2. Materials and Methods

2.1. Sample Collection

Herbal products were sampled from hawkers/street vendors, herbal clinics, and manufacturers in Eldoret and Mombasa towns of Kenya. These towns were chosen because of the difference in weather conditions due to their geographical locations. Mombasa town is located in the coastal strip of Kenya, while Eldoret town is in the highlands of Rift valley. The former being hot and humid while the latter being cold and wet. The sites also enjoy different cultural diversity and the use of herbal products is different among various communities in these regions. The samples were purchased in their original pack with the exception of a few in which the liquid herbal products were collected and packaged in sterile containers while the powdered products were packed in sanitary brown envelopes and transparent polyethylene bags and transportation to the Kenya Medical Research Institute (KEMRI) laboratories for processing and analysis. The samples were assigned unique codes that were used in laboratory assays, data analysis, report writing, and presentation of the results for confidentiality [10]. The fungi and mycotoxins contaminations assays were carried out at KEMRI Centre for Microbiology Research laboratories. A total of 100 herbal products were sampled from the two study sites.

2.2. Determination of Fungal Contamination

Microbial contamination was determined according to Pharmacopoeia and WHO requirements [4, 11, 12]. Microbiological parameters considered in this study were total mould/yeast count and their count (colony forming units). One gram of each herbal product in powder, tablet, and capsule form was aseptically suspended in 1 ml of either hot or cold sterile distilled water (as per the label claim preparation instructions), mixed thoroughly, then topped to make 10 percent concentration, and sieved before serial dilutions were done. Appropriate serial dilutions were made and 0.1 ml of the dilution transferred aseptically to sterile Petri plates containing culture media, Sabouraud’s Dextrose Agar (Oxoid, UK) supplemented with chloramphenicol to inhibit bacterial contamination. Double plates of each sample were incubated at 25 ± 2°C for 3–7 days and examined daily for fungal growth. After incubation, fungal counts were determined, and distinct colonies were subcultured. For the liquid and oils formulations, the initial concentrations on the label were noted and then serial dilution was carried out. The samples were transferred into the culture media and incubated as outlined above. Fungal colonies were counted and recorded accordingly.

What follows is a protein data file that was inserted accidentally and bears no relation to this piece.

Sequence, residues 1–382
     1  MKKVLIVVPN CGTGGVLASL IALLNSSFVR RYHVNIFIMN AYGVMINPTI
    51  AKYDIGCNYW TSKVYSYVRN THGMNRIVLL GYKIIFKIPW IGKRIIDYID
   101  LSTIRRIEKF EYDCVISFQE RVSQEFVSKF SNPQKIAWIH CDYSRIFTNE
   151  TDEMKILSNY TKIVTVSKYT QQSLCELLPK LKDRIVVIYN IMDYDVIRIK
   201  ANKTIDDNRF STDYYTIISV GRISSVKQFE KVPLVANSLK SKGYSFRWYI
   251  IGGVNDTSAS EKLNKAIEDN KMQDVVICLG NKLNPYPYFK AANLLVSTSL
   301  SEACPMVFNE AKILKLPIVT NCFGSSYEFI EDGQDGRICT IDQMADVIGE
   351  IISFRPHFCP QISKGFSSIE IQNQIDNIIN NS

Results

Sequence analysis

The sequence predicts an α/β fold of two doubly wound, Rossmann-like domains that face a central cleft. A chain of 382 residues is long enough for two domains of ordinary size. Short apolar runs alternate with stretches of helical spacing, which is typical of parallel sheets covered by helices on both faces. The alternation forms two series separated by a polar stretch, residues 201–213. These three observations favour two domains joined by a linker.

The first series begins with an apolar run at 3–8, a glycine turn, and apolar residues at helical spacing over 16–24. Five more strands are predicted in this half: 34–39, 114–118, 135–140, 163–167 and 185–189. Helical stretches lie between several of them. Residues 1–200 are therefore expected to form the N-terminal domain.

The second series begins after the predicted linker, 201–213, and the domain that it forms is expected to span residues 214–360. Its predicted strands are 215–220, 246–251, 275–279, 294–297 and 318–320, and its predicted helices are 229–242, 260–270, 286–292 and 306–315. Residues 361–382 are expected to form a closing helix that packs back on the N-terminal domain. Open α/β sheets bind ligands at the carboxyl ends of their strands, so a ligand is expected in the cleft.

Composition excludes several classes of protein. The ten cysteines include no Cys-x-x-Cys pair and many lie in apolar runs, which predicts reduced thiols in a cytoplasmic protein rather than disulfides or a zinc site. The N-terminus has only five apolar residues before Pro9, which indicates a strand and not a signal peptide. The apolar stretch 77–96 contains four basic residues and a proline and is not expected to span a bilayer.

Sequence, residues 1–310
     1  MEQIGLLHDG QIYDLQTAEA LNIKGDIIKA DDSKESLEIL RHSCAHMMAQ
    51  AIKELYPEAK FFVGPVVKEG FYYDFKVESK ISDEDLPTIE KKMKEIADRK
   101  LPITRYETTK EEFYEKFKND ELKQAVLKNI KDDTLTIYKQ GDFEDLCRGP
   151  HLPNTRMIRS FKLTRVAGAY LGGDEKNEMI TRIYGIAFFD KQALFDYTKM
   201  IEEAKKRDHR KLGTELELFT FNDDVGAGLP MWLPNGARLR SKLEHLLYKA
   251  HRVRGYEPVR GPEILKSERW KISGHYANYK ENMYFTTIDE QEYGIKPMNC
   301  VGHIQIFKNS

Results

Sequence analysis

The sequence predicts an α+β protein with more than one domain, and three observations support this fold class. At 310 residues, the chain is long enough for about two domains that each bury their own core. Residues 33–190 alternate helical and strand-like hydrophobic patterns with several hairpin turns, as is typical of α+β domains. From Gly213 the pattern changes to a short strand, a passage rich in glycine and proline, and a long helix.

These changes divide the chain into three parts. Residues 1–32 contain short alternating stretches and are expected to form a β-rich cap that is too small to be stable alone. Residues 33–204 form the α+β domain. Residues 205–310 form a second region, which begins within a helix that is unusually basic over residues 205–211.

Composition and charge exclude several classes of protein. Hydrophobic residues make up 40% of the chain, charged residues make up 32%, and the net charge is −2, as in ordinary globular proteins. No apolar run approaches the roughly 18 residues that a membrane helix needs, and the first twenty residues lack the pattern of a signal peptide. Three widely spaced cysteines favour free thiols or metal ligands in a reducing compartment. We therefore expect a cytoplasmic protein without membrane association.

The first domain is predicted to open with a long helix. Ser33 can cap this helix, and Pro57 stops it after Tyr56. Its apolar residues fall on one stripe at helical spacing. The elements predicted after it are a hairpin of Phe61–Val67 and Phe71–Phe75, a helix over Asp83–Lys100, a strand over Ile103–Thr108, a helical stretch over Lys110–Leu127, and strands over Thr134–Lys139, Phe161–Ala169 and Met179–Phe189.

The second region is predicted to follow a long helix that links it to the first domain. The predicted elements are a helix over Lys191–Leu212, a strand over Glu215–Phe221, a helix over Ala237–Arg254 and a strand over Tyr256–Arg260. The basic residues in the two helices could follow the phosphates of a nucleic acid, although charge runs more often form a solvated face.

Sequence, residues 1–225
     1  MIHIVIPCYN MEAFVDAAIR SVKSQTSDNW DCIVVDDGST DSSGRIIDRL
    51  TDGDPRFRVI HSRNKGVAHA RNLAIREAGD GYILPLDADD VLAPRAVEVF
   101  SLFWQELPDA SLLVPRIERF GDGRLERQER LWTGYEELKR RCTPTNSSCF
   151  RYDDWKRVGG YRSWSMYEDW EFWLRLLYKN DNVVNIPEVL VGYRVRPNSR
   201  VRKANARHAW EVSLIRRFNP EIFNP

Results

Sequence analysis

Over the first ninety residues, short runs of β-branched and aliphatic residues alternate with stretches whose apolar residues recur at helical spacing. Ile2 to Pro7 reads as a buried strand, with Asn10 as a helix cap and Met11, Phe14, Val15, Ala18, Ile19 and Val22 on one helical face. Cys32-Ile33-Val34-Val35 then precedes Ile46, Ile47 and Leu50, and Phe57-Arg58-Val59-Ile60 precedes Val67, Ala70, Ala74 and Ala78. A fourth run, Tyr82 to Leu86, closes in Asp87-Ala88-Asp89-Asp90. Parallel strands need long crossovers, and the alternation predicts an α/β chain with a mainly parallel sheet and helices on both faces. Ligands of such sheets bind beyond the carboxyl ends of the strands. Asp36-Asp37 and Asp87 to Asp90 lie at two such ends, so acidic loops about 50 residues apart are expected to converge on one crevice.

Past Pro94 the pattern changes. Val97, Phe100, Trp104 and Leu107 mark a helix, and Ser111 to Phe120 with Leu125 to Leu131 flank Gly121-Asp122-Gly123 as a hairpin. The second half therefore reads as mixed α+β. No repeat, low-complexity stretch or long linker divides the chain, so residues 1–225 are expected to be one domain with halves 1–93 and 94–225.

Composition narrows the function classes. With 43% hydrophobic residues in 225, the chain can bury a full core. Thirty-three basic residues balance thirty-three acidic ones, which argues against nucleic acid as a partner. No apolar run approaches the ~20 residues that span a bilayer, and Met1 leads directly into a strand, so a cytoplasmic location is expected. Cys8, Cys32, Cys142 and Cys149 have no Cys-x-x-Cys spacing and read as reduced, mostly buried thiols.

2.3. Identification of the Isolated Fungi

To determine the kinds of fungi present, distinct fungal colonies were subcultured onto Sabouraud’s Dextrose Agar (SDA) to obtain pure cultures for the purpose of identification. They were incubated at 25 ± 2°C until the colonies of fungi could be identified. Two kinds of media, potato dextrose agar (PDA) (Oxoid, UK) plates containing 100 µg of chloramphenicol per ml and 20% glucose-PDA plates for isolation of xerophiic fungi, were used in this experiment. After growth of the cultures, identification was done using cultural, morphological, and microscopic charateristics. All isolates were maintained on PDA slants. Lactophenol cotton blue was used for staining fungal cell during microscopy. A dichotomouse key was used in identification of fungi to species level.

2.4. Determination of Aflatoxins and Fumonisins

Aflatoxins and fumonisins were determined from the 100 samples using QuickToxTM Kit (Envirologix Inc., USA) for QuickScan (aflatoxins and fumonisins, resp.) following the manufacturer’s instructions. The main principle of these kits is antibody antigen reaction. This is a rapid test where the strips are incubated for 5 minutes and then put in an electronic reader which reads and presents the results in parts per billion in a computer monitor. Briefly, the toxins were extracted from the sample with 50% ethanol and shaken for 2 minutes and left to stand for five minutes. Approximately 100 µl of the top layer was drawn and put in a small vial and then mixed with 100 µl DB2 Buffer provided with the kit and mixed well before applying the strip and then incubated for 5 minutes. The two lines in the rapid strip indicated a positive test while one line indicated a negative test. The strips were inserted in a Quick Scan Machine reader and the concentrations of the fumonisins and aflatoxins were determined in parts per billion (ppb) [13]. The kit is used for screening of total aflatoxins and fumonisins.